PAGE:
There was no increase in depression reported by people receiving Rebif in the clinical trial. However, some patients treated with interferons, including Rebif, have become seriously depressed, and depression and suicidal thoughts are known to occur with some frequency in MS. It is recommended that individuals with a history of severe depressive disorder be closely monitored while taking Rebif. Anyone who experiences significant feelings of sadness or helplessness, or feels like hurting him- or herself or others, should speak with a friend or family member right away and contact the physician as soon as possible.

Rebif can affect liver function. Your physician may ask you to have regular blood tests to make sure that your liver is working properly. If you notice that your skin or the whites of your eyes become yellow, or if you are bruising more easily than usual, contact your physician. A post-marketing case of liver failure has been reported in a person taking Rebif along with another medication that was potentially toxic to the liver. While this type of problem is extremely rare, people need to make sure that their physician is aware of any history of liver disease, alcoholism, or other liver problems, as well as of all the medications they are taking.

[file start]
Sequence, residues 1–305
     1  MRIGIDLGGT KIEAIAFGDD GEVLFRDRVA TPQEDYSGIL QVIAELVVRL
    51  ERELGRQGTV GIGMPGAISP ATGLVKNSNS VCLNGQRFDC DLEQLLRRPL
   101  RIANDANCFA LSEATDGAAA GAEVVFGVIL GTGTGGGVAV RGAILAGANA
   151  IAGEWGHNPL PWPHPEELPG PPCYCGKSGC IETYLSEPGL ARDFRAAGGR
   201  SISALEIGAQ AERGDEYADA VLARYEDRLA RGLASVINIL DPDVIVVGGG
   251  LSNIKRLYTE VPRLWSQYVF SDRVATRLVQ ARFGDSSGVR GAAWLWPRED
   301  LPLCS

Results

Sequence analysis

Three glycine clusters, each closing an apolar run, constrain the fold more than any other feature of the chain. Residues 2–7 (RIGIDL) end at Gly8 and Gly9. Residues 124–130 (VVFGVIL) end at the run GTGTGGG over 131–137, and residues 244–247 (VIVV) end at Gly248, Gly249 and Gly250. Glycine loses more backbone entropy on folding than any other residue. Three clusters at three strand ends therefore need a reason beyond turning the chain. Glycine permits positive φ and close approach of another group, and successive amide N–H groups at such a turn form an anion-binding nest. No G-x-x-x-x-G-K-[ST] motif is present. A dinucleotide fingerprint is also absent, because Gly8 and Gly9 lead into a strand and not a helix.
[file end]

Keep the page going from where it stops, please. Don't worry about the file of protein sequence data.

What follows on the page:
Because of the potential of Rebif to affect the levels of white blood cells, red blood cells, and platelets in a person's system, blood tests are recommended at regular intervals. Thyroid function tests are recommended every 6 months in patients with a history of thyroid dysfunction.

Possible Side Effects
Common side effects include flu-like symptoms (fatigue, chills, fever, muscle aches, and sweating) and injection site reactions (swelling, redness, discoloration, and pain). Most of these symptoms tend to disappear over time. If they continue, become more severe, or cause significant discomfort, be sure to talk them over with your physician. Contact your physician if the injection sites become inflamed, hardened, or lumpy, and do not inject into any area that has become hardened or lumpy.